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In the News

A collage of endangered species that includes three big cats, elephant and rhino

The third Friday of May is Endangered Species Day. Primarily as a result of human activities, our planet’s biodiversity is shrinking at an unprecedented rate. The Cornell Wildlife Health Center is proud to support a diverse range of species and ecosystems through our work.
Jaguar dental extraction © William Fugina

Research analyzing the prevalence of dental diseases in captive jaguars in Belize was recently published by Lindsey Schneider, DVM ’13, and a team of veterinary colleagues in the Journal of Zoo and Wildlife Medicine. Dr. Schneider completed the research during her residency in Dentistry and Oral Surgery at the Cornell University College of Veterinary Medicine.
Juvenile Gyrfalcon being released

As temperatures warm, pathogens that were once unable to survive the harsh weather conditions of the far north are now encroaching northward and could become a substantial problem for Gyrfalcons.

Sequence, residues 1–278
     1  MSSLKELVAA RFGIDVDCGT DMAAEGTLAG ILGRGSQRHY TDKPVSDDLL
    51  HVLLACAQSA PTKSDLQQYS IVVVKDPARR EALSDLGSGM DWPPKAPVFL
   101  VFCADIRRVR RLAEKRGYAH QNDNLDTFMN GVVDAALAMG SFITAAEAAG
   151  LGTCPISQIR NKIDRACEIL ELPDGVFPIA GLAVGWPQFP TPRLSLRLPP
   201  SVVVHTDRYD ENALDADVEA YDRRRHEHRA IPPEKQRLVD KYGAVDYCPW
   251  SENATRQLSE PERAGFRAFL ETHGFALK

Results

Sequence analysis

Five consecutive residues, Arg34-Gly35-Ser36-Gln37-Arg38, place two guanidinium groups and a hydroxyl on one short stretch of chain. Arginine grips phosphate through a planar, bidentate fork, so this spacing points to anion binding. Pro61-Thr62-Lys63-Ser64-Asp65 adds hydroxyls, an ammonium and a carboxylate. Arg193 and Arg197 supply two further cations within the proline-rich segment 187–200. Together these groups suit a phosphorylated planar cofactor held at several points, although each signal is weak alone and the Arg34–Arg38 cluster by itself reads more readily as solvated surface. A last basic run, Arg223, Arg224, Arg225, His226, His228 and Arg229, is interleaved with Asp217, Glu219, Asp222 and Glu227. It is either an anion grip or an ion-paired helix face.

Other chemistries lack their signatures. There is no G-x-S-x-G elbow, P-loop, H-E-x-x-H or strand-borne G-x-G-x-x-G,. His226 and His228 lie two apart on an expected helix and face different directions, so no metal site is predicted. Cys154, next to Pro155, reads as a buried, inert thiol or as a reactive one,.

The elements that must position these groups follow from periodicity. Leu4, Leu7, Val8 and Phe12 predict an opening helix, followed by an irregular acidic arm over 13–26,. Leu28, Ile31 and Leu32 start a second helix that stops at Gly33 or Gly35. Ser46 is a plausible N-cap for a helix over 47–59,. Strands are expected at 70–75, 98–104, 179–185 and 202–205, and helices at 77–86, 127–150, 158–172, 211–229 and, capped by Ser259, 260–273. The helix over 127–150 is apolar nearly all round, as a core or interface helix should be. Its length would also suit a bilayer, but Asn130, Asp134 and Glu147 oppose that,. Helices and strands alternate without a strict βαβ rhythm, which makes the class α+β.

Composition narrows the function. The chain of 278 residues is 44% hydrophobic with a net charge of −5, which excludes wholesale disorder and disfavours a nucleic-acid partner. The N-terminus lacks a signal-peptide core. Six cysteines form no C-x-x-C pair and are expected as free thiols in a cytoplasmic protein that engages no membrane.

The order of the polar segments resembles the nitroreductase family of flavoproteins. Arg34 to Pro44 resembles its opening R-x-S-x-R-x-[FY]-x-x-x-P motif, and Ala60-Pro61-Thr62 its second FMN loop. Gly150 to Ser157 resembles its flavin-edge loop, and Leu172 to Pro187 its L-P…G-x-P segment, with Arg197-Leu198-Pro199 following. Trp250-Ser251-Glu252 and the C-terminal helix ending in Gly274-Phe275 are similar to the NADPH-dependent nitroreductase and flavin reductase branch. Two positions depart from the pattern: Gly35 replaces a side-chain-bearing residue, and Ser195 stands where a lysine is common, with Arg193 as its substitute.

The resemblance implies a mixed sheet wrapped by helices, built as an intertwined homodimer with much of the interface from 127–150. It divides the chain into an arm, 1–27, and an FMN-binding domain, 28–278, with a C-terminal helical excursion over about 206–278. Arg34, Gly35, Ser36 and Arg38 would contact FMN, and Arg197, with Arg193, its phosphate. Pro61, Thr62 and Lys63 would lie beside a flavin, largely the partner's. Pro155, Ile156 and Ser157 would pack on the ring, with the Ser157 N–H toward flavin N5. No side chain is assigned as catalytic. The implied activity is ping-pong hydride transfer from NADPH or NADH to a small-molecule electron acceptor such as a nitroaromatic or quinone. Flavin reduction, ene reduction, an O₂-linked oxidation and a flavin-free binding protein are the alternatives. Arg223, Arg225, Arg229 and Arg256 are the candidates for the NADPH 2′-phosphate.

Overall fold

Cornell Red-tailed Hawk in flight by Christine Bogdanowicz 2020

The Cornell University College of Veterinary Medicine has released its 2020 Annual Report, detailing its progress in its key strategic priority areas, including "Advances in Animal, Human and Ecosystem Health."
Rings in water

Veterinary toxicologist Dr. Karyn Bischoff and other experts discuss the problem with single-use plastics and how they are impacting the health of the planet.
Malayan tiger

The Animal Health Diagnostic Center at Cornell University conducted initial COVID-19 testing of samples from a Bronx Zoo tiger. It is believed to be the first known case of an animal infected with SARS-Cov-2 in the U.S. and the first tiger worldwide.
A Double-Crested Cormorant seen perched in a tree

The news is depressing. A recently released article in Science by my colleagues at the Cornell Laboratory of Ornithology shows that 3 billion birds have vanished in the lasts 50 years….
A small bat shown being gently held in hand

Cornell's wildlife experts weigh-in on the impact of white-nose syndrome, a fungus that has been devastating bat populations across North America, with a mortality rate that can often reach 90 to 100 percent.
A porcupine shown on a rocky substrate

Cornell's Dr. Laura Goodman helped to identify a new deadly fungal disease in porcupines, adding to the list of species hit by such outbreaks. The newly discovered fungal disease is zoonotic, which means it can be passed on to humans, although there are no documented cases of this occurring.